- Global US fertiliser firm produces 60 per cent of the UK’s carbon dioxide supply
- However, it shut two factories amid surging gas prices as they weren’t profitable
- Decision led to fears the food industry in the UK is facing disaster within days
- Business Secretary Kwasi Kwarteng is now holding fresh talks with CF Industries millionaire chief executive Tony Will to end the shut down
By Danyal Hussain | 21 September 2021
DAILY MAIL — Ministers are desperately trying to persuade the millionaire boss of a US fertiliser firm that produces 60 per cent of the UK’s CO2 to restart production.
CF Industries, one of the biggest fertiliser businesses in the world, shut its two plants in Teesside and Cheshire after a large surge in gas prices meant continued production wouldn’t be profitable.
The plants produce 60 per cent of the UK’s carbon dioxide with the decision to close them blamed for plunging Britain into a CO2 crisis set to decimate the food industry, leading to animals having to be culled and supermarket shelves being empty.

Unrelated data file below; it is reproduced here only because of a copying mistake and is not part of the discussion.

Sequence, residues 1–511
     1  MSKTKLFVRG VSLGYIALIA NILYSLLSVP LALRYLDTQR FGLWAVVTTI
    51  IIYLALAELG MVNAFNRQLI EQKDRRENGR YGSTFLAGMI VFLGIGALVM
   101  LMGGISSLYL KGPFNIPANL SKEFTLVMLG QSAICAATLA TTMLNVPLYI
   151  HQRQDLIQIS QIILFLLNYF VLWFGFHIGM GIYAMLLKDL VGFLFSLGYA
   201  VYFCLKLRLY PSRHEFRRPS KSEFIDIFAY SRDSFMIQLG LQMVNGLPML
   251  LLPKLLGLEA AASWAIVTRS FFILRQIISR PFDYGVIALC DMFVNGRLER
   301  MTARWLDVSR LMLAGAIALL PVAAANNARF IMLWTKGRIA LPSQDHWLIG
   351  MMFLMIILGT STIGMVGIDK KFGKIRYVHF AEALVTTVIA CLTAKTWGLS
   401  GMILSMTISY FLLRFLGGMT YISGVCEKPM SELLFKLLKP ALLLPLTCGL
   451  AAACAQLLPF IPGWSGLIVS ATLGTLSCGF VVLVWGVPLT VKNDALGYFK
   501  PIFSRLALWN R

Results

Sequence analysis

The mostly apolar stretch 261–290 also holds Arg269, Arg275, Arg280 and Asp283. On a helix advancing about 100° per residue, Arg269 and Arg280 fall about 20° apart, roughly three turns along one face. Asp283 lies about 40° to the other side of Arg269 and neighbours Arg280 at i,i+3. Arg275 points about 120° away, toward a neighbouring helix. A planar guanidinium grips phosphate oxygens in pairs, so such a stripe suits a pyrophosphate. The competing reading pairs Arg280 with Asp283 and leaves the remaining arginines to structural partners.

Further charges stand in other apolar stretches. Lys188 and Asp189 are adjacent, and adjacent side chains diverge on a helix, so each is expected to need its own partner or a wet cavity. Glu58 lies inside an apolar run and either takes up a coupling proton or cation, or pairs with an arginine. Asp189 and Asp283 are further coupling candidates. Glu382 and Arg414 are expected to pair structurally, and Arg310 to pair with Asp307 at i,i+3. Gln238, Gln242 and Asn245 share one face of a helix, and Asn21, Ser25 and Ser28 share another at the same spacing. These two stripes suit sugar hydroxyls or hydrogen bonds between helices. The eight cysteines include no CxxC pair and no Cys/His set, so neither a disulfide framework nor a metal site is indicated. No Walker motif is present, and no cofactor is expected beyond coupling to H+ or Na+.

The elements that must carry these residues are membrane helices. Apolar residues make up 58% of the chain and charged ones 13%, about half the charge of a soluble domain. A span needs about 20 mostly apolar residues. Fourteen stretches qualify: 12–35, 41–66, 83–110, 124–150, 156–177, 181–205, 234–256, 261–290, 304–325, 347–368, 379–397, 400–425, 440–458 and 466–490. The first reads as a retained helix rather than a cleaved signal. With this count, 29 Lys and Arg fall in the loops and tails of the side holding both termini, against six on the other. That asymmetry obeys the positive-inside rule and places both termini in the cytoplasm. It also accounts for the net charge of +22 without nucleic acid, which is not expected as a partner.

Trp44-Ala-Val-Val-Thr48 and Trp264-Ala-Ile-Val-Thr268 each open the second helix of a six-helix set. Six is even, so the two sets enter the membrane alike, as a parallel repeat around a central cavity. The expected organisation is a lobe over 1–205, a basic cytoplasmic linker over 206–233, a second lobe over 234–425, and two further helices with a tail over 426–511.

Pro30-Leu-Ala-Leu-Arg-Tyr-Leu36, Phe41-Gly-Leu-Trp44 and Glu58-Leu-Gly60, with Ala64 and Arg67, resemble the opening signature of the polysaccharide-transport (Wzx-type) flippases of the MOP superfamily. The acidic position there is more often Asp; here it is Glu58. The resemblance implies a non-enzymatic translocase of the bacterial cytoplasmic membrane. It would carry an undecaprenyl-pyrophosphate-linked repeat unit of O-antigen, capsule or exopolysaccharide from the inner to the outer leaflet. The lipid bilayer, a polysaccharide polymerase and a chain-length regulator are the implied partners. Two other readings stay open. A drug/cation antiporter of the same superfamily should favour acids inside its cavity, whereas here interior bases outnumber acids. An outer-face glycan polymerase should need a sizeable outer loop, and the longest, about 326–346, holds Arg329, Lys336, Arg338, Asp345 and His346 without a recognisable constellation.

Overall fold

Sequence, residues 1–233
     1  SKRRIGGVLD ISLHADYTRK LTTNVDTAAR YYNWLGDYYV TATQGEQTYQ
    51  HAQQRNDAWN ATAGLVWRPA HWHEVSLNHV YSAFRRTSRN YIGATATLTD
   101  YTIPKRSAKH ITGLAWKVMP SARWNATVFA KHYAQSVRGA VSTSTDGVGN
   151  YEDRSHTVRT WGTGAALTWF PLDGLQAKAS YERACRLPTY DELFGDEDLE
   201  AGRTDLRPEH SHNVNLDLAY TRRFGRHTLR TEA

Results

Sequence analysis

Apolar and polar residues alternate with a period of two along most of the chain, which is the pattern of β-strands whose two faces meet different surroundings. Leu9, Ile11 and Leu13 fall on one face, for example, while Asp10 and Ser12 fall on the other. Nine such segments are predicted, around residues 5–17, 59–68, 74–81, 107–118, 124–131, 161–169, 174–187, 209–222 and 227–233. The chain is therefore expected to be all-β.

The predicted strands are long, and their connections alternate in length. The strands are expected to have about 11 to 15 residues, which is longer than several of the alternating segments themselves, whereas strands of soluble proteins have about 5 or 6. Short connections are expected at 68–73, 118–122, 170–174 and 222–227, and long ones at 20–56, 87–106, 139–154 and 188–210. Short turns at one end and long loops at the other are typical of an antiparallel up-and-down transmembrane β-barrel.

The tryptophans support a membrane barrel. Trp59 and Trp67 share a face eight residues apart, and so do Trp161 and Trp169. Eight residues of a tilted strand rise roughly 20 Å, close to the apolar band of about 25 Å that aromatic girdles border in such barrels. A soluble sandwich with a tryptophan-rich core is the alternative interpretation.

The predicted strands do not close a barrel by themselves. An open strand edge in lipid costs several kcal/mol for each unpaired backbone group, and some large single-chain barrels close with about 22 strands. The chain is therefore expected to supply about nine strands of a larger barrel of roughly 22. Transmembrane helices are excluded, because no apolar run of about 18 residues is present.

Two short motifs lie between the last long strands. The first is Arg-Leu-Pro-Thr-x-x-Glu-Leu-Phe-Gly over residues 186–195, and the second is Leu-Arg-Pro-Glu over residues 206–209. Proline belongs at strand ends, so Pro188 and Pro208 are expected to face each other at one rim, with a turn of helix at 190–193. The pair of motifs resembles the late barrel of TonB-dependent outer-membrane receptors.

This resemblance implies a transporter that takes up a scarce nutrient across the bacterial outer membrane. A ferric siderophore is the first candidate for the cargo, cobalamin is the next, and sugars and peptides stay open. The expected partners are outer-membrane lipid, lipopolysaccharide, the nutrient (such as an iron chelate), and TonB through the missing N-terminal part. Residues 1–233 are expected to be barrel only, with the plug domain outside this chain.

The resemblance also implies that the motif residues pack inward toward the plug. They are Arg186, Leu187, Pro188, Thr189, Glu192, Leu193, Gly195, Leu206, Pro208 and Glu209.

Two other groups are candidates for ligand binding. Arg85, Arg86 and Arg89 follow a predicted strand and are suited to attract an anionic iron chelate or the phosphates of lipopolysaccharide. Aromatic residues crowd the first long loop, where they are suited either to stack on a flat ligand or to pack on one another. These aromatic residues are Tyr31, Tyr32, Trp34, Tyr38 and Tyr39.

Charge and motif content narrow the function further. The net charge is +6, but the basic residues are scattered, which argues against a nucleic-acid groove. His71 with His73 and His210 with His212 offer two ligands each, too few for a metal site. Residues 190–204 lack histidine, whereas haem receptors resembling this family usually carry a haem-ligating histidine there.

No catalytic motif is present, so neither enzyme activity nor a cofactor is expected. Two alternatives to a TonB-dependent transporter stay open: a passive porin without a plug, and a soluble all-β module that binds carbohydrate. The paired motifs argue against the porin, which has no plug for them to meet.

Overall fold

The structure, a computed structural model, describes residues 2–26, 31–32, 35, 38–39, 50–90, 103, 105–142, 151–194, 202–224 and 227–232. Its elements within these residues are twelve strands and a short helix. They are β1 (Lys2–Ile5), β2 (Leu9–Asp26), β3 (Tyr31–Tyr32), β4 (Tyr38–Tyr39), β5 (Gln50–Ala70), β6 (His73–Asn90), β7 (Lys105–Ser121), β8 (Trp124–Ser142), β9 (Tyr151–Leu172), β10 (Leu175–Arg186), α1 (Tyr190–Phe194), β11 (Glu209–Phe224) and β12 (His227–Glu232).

Business Secretary Kwasi Kwarteng is now holding fresh talks with CF Industries millionaire chief executive Tony Will, 55, in an attempt to persuade him to restart production.
Mr Kwarteng says No10 is considering ‘temporarily’ subsidising the company to get CO2 production back up and is ‘very hopeful’ a deal can be done soon.
However, he admitted ‘it may come at some cost’ after Mr Will is thought to have been unconvinced by the government’s offers at an initial meeting on Sunday.
News that CF Industries controls so much of the UK’s CO2 supply has prompted fury and disbelief from food industry bosses.
Richard Walker, managing director of Iceland, said yesterday: ‘The thing that has shocked me is that 60% of [CO2] production is concentrated in two factories which are both owned by a foreign business.
‘This is something that’s clearly critical to national security – not just food but also healthcare as well. So it seems quite perplexing that it’s at the whim of a private enterprise in terms of whether it’s profitable or not and therefore whether they produce the stuff or not.’ […]